Section sign

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§
Section sign
Punctuation
apostrophe   '
brackets [ ]  ( )  { }  ⟨ ⟩
colon :
comma ,  ،  
dash   –  —  ―
ellipsis   ...  . . .
exclamation mark !
full stop, period .
hyphen
hyphen-minus -
question mark ?
quotation marks ‘ ’  “ ”  ' '  " "
semicolon ;
slash, stroke, solidus /  
Word dividers
interpunct ·
space     
General typography
ampersand &
asterisk *
at sign @
backslash \
bullet
caret ^
dagger † ‡
degree °
ditto mark
inverted exclamation mark ¡
inverted question mark ¿
number sign, pound, hash, octothorpe #
numero sign
obelus ÷
ordinal indicator º ª
percent, per mil % ‰
plus and minus + −
basis point
pilcrow
prime     
section sign §
tilde ~
underscore, understrike _
vertical bar, pipe, broken bar |    ¦
Intellectual property
copyright ©
sound-recording copyright
registered trademark ®
service mark
trademark
Uncommon typography
asterism
hedera
index, fist
interrobang
irony punctuation
lozenge
reference mark
tie
Related
In other scripts

The section sign (Unicode U+00A7 § section sign, HTML §, TeX \S) is a typographical character used mainly to refer to a particular section of a document, such as a legal code.[1] It is also called "double S", "hurricane", and "sectional symbol".

The likely origin of the section sign is the digraph formed by the combination of two S glyphs (from the Latin signum sectiōnis). When duplicated, as §§, it is read as the plural "sections" (e.g. "§§ 13–21"), much as "pp." (pages) is the plural of "p.".

It is frequently used along with the pilcrow (¶), or paragraph sign. Like the dagger (†) and double dagger (‡), it is also sometimes used to link to a footnote where the asterisk (*) is already in use on a given page (this function can also be provided by numbered footnotes, usually put in superscript or square brackets).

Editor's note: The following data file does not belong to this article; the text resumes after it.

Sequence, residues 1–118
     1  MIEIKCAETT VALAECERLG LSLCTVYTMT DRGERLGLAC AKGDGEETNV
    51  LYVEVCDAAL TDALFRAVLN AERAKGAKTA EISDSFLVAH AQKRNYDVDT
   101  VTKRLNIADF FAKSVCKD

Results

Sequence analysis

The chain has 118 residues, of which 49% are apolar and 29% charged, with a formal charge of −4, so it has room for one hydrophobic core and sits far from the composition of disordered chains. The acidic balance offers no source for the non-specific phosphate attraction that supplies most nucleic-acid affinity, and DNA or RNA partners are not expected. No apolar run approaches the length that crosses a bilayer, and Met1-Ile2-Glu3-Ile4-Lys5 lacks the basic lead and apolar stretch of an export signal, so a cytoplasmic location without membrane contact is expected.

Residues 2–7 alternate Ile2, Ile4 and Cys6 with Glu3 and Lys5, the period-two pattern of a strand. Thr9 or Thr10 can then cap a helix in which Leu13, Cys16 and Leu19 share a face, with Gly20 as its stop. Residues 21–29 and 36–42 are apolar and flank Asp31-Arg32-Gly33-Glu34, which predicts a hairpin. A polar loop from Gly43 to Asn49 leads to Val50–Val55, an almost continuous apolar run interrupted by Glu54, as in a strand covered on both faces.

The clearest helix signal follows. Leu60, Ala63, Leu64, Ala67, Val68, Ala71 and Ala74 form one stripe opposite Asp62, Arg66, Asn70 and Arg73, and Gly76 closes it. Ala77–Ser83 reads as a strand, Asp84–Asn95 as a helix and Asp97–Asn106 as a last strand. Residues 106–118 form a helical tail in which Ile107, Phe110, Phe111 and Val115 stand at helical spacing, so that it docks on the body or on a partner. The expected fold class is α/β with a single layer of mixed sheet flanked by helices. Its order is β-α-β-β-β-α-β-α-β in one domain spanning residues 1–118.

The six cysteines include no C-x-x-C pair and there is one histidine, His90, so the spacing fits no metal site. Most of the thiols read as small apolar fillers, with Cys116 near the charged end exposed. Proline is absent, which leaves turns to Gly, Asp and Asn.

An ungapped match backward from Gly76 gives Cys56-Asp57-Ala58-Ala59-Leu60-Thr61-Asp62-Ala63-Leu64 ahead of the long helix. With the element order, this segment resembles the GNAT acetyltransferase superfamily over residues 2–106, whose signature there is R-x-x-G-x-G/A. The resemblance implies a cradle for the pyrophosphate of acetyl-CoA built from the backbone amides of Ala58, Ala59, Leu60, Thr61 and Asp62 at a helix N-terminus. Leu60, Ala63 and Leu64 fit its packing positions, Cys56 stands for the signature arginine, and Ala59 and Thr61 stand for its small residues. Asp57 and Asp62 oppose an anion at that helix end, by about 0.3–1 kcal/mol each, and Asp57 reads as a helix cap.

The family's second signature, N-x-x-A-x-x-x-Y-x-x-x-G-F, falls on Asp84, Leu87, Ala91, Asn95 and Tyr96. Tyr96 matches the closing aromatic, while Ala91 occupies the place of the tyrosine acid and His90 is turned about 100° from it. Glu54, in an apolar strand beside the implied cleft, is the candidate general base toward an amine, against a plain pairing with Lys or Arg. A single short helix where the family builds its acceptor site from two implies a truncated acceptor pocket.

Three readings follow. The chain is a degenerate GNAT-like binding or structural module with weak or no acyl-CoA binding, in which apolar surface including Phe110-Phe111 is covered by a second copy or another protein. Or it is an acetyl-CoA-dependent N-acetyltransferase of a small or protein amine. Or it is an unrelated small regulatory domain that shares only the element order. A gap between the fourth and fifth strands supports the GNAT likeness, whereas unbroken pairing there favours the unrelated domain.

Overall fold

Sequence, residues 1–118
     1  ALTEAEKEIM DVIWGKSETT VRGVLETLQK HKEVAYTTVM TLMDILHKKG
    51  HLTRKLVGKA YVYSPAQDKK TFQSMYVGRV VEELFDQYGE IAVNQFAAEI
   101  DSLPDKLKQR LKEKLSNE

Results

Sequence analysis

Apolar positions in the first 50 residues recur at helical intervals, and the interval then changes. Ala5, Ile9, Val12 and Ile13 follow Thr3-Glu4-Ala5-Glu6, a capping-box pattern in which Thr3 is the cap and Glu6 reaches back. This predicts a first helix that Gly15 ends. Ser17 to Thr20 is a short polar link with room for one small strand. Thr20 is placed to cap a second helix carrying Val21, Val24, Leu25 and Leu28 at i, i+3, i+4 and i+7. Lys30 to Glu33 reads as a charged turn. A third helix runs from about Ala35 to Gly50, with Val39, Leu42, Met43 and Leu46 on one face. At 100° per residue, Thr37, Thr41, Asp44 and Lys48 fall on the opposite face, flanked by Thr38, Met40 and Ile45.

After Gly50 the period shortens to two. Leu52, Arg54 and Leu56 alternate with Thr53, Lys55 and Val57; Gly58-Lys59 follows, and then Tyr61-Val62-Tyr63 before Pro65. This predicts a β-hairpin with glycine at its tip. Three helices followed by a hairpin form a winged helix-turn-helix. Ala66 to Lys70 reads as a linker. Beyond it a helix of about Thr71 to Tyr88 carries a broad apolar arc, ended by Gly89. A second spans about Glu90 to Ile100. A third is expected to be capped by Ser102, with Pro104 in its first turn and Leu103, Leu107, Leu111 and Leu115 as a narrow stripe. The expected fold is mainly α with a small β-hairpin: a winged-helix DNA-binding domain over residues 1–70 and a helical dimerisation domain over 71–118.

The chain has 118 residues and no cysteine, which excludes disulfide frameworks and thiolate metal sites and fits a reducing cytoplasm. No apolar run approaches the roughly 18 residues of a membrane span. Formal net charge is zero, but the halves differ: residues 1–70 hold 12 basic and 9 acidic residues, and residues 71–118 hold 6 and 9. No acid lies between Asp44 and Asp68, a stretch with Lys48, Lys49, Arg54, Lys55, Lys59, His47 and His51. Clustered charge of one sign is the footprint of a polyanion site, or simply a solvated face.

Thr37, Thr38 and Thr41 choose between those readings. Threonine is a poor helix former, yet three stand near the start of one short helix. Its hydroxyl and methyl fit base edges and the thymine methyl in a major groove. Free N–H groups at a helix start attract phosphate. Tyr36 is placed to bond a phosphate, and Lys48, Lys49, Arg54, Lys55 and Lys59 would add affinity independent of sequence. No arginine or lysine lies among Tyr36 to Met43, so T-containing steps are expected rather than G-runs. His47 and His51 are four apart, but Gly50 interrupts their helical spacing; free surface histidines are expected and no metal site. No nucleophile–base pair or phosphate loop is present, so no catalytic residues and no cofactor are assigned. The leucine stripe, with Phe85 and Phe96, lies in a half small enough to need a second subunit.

Typing character[edit]

In popular culture[edit]

A modified version of the section sign is used in SimCity 3000 and subsequent Maxis games (such as The Sims series) as the symbol of the in-game currency, the simoleon. The symbol is used in a similar way to the $ sign.

The section symbol is used in the 2012 computer game XCOM: Enemy Unknown as a nationality-neutral currency symbol.

The section symbol is used to denote chapters and sections in David Foster Wallace's novel The Pale King, which deals heavily with the labour and lives of American IRS workers and was left unfinished at his death in 2008.

The section symbol is used by horse racing rating service Timeform to denote a horse is unreliable.[4] Such a horse is usually referred to as a "squiggle horse".

A § is used before text to change its style or colors in Minecraft.

See also[edit]

References[edit]

  1. ^ "Legal Research and Citation Style in USA, by Ronald M. Standler". 2009. Retrieved 2009-12-15. 
  2. ^ "The Gtk Compose Table - Ubuntu Documentation". Retrieved 2013-10-08. 
  3. ^ "X11 compose key sequences". Retrieved 2013-10-08. 
  4. ^ "Abbreviations". Timeform.com. Retrieved 2014-04-08. 

Media related to Section signs at Wikimedia Commons